Hymotion-L5-Inset.jpg "The 67 overall mpg we got during the first 35 miles is a 60 percent improvement over the original Prius Touring. But that's based only on measuring gasoline consumption. A full recharge took about 6 hours and consumed about 5 kilowatts of electricity. That's about 55 cents at the national average of about 11 cents per kilowatt. With help from the Argonne National Laboratory, we calculated that by adding this energy into the equation, overall fuel-economy is equivalent to 53 mpg.

"If gas prices were to hit $4 per gallon again, the cost to operate the standard Prius Touring version would be about 10 cents per mile; the converted version, about 8 cents per mile.

"Because the converted Prius gets its best mileage while using the lithium-ion battery, drivers who can recharge frequently -- at work, for example -- will be able to extend their travel distance beyond the 35-mile sweet spot while getting optimum fuel economy. But finding outlets while on the go could be a challenge.

"People who use fuel-efficient driving techniques will probably get better gas mileage than the average in our tests."

Ouch, Ouch and Ouch

The salient points here include: 53 mpg versus a possible 100+ mpg; a mere 2-cents-a-mile savings when gas costs $4 per gallon; the drop in mileage due to the weight of the conversion kit. The last point begs the question, how much does the conversion kit weigh?

According to Consumer Reports, the kit added 187 pounds to the weight of the vehicle. That's a dramatic increase, when you consider that the Prius has a maximum load capacity of 800 pounds. That's 800 pounds of occupants and cargo.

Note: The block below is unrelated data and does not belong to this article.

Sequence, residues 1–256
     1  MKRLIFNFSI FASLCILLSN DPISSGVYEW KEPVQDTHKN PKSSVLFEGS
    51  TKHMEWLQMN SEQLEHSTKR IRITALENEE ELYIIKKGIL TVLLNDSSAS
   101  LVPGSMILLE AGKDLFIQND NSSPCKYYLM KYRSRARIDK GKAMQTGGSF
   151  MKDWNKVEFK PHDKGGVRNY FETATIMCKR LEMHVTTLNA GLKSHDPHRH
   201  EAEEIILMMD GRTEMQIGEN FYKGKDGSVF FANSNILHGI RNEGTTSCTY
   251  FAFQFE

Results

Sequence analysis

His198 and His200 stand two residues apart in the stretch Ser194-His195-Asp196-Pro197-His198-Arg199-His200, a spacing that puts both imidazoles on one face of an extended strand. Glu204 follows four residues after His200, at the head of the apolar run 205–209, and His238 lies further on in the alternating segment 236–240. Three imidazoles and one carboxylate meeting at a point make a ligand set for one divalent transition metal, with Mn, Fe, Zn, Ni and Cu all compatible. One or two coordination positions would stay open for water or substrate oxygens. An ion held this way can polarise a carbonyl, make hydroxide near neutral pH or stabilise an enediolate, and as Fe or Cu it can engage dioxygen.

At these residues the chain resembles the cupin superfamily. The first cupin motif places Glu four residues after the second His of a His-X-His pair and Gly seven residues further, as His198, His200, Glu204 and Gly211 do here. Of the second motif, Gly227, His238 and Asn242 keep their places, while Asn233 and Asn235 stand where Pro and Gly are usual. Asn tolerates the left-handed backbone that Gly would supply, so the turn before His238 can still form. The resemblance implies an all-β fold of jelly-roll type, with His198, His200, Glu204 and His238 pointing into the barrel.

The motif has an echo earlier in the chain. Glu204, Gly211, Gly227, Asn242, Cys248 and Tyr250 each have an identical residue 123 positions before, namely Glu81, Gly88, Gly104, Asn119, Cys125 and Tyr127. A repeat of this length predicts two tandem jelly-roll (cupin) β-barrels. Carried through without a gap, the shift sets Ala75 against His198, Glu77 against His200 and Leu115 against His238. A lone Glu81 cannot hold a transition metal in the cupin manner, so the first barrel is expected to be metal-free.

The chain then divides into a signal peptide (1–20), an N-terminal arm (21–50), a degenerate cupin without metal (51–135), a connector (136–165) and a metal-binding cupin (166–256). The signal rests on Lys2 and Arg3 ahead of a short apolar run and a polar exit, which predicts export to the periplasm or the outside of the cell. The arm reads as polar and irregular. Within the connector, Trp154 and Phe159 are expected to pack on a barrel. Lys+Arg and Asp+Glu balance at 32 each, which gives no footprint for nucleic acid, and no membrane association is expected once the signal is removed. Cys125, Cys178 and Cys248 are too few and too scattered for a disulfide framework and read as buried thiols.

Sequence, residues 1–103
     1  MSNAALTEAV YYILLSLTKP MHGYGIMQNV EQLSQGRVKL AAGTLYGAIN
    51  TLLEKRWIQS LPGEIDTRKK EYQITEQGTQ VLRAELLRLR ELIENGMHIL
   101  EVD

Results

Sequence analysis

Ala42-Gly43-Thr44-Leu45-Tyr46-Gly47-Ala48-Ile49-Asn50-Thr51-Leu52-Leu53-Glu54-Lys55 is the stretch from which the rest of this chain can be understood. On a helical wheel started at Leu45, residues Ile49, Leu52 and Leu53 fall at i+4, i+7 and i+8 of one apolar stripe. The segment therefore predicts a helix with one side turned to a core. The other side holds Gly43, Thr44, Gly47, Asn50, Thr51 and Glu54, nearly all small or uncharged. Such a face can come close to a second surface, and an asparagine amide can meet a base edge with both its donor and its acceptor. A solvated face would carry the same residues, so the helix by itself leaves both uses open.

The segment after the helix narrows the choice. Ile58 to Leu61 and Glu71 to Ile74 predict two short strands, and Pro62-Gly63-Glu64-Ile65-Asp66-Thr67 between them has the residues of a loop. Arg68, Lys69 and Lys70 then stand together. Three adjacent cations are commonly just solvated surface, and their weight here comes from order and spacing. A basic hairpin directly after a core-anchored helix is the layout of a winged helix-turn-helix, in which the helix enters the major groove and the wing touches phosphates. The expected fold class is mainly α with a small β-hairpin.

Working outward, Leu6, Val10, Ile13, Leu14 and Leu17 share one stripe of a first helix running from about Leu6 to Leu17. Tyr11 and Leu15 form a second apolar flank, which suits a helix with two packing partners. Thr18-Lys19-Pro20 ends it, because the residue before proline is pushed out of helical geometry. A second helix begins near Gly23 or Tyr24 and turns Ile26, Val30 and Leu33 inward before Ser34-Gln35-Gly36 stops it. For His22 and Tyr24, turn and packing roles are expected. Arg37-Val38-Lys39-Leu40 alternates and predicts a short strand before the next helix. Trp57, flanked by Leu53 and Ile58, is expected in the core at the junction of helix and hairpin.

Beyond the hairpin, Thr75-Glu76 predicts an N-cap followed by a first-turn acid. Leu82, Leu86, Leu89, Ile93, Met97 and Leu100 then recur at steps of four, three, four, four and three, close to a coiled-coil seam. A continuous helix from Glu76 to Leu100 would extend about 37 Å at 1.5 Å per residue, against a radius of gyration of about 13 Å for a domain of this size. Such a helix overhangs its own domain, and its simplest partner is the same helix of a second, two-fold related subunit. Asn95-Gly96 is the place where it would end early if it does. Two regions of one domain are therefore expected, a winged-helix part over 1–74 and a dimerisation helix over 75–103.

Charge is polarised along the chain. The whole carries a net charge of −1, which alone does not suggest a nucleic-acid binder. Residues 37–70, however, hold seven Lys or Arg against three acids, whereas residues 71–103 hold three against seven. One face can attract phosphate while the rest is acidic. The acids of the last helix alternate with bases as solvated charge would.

So with the second battery pack, the maximum load capacity falls to 623 pounds. That means that four adult occupant could easily overload it Indeed, all it would take is four riders weighing 156 pounds on average to exceed the safe load capacity of the plug-in Prius.

And, because the new battery is placed in the plug-in Prius's spare-tire well, the spare tire is placed in a tray and strapped on top of the cargo-area floor, which reduces cargo space. That space is at a premium when the backseat is being used by passengers.

But Still Very Green

Consumer Reports noted that vehicles that run longer on electric power can dramatically cut climate-changing tailpipe emission. But producing power still generates emissions somewhere.

In New England, where the magazine's test track is located, about 42 percent of electric power is generated by the burning of natural gas, which has cleaner emissions than those from gasoline-powered car engines.

Other areas depend heavily on coal to produce electricity, which releases a lot of carbon dioxide into the atmosphere.

That said, a 2007 study by the Natural Resources Defense Council and the Electric Power Research Institute concluded that deploying plug-in hybrids on a national scale would reduce automotive carbon-dioxide emissions by about 45 percent compared with conventional vehicles and would result in a net reduction in air pollution, especially in urban areas.